The vast landscape of the Pacific region. Not a thing around, only blue sea and blue skies. Just, here and there, some lost island paradise. Such as Hawaii, Tahiti and Samoa. These islands are hundreds, thousands of miles from each other. And yet they are inhabited, and for so long that the people no longer remember who put them there or when. Memories of old people long ago became mixed with mythology.
But history still provides the answers. Islands of the Pacific region are inhabited by descendants of the Lapita civilization. Their civilization developed around 3000 BC in the Bismarck Islands. The Lapitans were fearless sailors. By 900 BC, these brave sailors inhabited Fiji, Tonga and Samoa, the paradise islands rich with life with food. On these islands Lapitans stayed for several centuries, and then, around 300 BC, they went further east. This time they reached Cook Islands and Tahiti. Then followed a rest before the final trips. In the sixth century, the descendants of the Lapita sailors settled in Hawaii and the Easter Islands. There are even some evidence that, a hundred years before the Europeans, these brave sailors managed to reach even South America.
How could these sailors come so far? On fragile boats, with their families, with women and children? Without a compass or an engine? It’s not quite sure. Most knowledge about their long journeys is lost. Memories of settling the region have long ago became mixed with myths about creation. What is it that drove the seafarers to these long journeys? Far from all that they knew? No trace of the lands on the horizon where they would go to?
They were excellent sailors, for sure. They knew the stars and were guided by them. They knew the fish that lived in deep seas and the fish that lived in shallow seas. When they saw certain birds, they knew land was nearby. They knew how the currents changed and the waves broke on the reefs. And yet… Storms, waves, the endless sea! And still, that was not all! Direction of migration of these brave sailors was opposite to the winds that blew over the equatorial Pacific, as was opposite to it’s currents. How, then?
Well, maybe these sailors simply got lucky. Or unlucky, if you like. Perhaps theywent on a fishing trip, and currents and winds unexpectedly changed direction, and took them away East. Maybe they met El Niño. Because, during El Niño, Pacific winds change direction and blow west to east, from Australia and Indonesia towards South America. Only during El Niño it is easier to travel from west to east. In the direction oppositeo to all the great geographical discoveries.
But El Niño does not affect only the ease of travel. During El Niño, extreme droughts were reported in Indonesia and Australia. Droughts help fires spread faster and easier. During El Niño in 1997./98.Indonesia was overrun by extreme fires. As a result of fires, smog developed over many cities. Reportedly, spending just a day in the city of Kuching in neighboring Malaysia was like smoking 40 cigarettes! On the other side of the Pacific region, in the South and North America, El Niño is responsible for many storms and floods. And even for the massive disappearance of fish. In fact, that’s how El Niño got it’s name. Peruvian fishermen noticed that every few years, at Christmas time, along the coast of Peru, the fish disappears. At the same time, instead of a cold one, by the shores of Peru there is a warm sea current. As this usually occured at the time of Christmas, this warm current was called El Niño (Spanish: baby, Baby Jesus). But the impact of El Niño is not limited to the Pacific. El Niño causes the changes in weather even in the Indic and the Atlantic.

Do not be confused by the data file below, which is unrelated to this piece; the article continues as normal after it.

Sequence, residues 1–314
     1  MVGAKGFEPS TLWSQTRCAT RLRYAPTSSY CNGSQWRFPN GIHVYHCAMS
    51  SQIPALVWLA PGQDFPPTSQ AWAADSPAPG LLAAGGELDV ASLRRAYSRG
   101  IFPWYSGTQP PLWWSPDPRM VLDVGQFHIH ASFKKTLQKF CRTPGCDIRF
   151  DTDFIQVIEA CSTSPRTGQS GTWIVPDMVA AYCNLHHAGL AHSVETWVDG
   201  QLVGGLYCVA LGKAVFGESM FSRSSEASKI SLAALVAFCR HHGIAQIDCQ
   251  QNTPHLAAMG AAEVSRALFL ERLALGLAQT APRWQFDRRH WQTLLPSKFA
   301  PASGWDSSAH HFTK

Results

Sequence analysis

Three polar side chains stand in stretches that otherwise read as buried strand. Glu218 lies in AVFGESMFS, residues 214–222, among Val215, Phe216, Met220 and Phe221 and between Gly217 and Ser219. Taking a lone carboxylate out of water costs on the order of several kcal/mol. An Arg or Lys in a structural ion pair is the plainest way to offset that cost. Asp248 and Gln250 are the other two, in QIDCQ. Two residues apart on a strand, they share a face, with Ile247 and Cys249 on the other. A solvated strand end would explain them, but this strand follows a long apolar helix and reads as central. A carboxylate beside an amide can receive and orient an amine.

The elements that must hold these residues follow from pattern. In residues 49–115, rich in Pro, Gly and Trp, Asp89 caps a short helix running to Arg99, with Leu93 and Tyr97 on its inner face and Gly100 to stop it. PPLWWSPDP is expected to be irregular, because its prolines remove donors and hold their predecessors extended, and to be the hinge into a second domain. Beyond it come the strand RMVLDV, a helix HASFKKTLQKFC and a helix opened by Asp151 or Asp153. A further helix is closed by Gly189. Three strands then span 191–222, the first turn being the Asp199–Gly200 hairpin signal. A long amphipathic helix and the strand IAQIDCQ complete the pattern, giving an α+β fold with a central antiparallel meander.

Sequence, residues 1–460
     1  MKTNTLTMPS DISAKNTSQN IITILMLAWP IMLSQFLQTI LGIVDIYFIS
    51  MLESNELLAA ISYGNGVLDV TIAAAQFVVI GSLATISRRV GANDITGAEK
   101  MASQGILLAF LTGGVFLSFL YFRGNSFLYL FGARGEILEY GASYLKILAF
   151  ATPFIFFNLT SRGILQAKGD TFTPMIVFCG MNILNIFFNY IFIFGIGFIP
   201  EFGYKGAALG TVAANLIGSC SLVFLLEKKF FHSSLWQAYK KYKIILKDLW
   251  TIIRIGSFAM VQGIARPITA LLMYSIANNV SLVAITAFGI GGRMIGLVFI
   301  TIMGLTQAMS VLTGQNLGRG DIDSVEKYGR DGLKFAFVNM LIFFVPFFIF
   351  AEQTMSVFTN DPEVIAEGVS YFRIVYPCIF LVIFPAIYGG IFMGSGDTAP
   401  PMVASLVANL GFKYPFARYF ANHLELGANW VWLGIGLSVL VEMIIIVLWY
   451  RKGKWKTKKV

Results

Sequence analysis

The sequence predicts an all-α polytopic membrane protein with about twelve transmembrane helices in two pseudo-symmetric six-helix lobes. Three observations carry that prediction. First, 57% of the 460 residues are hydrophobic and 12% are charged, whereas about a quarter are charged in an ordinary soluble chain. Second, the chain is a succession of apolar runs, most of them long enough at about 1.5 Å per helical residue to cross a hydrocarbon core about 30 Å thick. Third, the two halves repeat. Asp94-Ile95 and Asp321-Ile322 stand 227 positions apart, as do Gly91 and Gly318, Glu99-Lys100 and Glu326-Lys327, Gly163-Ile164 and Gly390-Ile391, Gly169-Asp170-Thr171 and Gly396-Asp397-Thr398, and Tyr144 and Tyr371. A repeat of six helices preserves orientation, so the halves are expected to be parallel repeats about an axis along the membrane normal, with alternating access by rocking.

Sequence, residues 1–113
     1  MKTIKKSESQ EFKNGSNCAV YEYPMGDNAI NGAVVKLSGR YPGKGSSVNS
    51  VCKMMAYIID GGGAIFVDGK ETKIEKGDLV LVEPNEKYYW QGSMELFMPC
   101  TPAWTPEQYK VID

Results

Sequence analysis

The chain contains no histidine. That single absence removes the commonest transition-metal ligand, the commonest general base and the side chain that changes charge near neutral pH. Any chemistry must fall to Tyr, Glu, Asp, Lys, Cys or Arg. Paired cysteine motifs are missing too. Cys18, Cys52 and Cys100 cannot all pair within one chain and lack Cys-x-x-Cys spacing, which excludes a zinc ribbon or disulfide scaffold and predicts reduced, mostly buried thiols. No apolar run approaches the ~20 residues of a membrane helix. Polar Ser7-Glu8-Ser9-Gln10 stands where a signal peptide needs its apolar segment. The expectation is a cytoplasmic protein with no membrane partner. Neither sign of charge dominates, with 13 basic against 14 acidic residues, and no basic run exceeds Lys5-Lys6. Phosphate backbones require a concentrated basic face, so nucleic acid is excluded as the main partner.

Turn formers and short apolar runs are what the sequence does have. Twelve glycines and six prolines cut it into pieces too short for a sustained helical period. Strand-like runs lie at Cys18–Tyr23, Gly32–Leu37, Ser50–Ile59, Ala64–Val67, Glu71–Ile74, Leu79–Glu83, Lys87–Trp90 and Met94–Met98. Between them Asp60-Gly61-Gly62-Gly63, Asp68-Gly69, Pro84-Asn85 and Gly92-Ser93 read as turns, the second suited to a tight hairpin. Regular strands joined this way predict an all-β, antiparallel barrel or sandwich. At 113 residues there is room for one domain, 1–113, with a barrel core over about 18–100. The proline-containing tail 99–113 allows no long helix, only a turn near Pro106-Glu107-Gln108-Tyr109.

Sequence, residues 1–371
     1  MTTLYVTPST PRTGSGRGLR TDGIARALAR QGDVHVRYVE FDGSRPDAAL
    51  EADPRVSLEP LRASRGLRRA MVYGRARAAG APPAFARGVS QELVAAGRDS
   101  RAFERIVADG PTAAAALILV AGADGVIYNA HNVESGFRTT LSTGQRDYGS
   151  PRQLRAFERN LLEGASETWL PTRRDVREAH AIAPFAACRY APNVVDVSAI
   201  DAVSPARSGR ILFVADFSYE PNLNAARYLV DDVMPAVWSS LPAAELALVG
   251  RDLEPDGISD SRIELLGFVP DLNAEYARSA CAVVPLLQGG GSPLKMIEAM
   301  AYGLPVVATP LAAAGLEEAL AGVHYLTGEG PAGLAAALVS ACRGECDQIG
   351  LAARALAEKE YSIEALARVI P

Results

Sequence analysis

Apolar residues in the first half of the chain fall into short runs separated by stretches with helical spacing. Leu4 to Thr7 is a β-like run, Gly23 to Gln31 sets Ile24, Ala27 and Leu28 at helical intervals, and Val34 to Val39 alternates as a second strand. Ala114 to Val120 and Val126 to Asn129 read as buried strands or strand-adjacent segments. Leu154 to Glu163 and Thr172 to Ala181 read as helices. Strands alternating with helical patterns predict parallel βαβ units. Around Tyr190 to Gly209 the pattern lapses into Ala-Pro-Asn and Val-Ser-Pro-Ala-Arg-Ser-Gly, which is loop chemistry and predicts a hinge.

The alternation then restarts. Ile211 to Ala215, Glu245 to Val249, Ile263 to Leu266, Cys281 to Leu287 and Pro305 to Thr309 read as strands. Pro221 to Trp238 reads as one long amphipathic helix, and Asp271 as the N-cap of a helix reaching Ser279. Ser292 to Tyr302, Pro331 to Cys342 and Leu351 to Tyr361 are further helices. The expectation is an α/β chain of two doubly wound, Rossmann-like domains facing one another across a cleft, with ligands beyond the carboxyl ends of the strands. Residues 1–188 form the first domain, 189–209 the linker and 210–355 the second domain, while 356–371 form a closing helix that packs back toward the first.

With such a large impact on weather in the world, great efforts are invested in forecasting and understanding of El Niño. After a catastrophic El Niño in 1982./83., there began the systematic measurements in the Equatorial Pacific. During the next 10 years, as much as 70 buoys were set up to measure sea temperature and speed of sea currents (http://tao.noaa.gov). Buoys measure air temperature as well as humidity, and wind speed. El Niño is a complex phenomenon which occurs due to interactions between the atmosphere and the sea, and the situation in the sea is changing much more slowly than in the atmosphere, and so measurements of the sea provide forecast of El Niño as much as a few months in advance.Thus, the El Nino in 1997./98. was successfuly forecast and the damage that it caused was greatly reduced. Authorities in Peru, expecting a number of floods associated with El Niño, ensured sufficient supplies of food and drinking water. And when the floods of that year really happened, many villages remained cut off, and the sources of drinking water polluted, but Peruvians were ready.
And so, El Niño helped the brave sailors from the beginning of our story to inhabit the Pacific, but every time El Niño shows up it inflicts huge damage. So is El Niño good or bad? The best answer to this question may be provided by the Galapagos Islands. On the Galapagos Islands, one of the most diverse plant-animal communities has developed. A community special in many ways. On the Galapagos penguins and iguanas live just next to eachother. Penguins enjoy the cold seas and iguanas enjoy the infinite lying in the sun. These two species can live juxtapose because of El Niño. During the normal years, a cold current goes by the Galapagos, full of fish, and the air is colder. Then the Penguins enjoy themselves, and reproduce. And the number of iguanas decreases. But then comes a year of El Niño. And along the coast of Galapagos now flows a warm current. There is less fish. The air is warmer. And now the number of penguins declines. But now the iguanas enjoy and reproduce. And so on, alternating. Years with El Niño, years without El Niño. The Galapagos diversity blooms.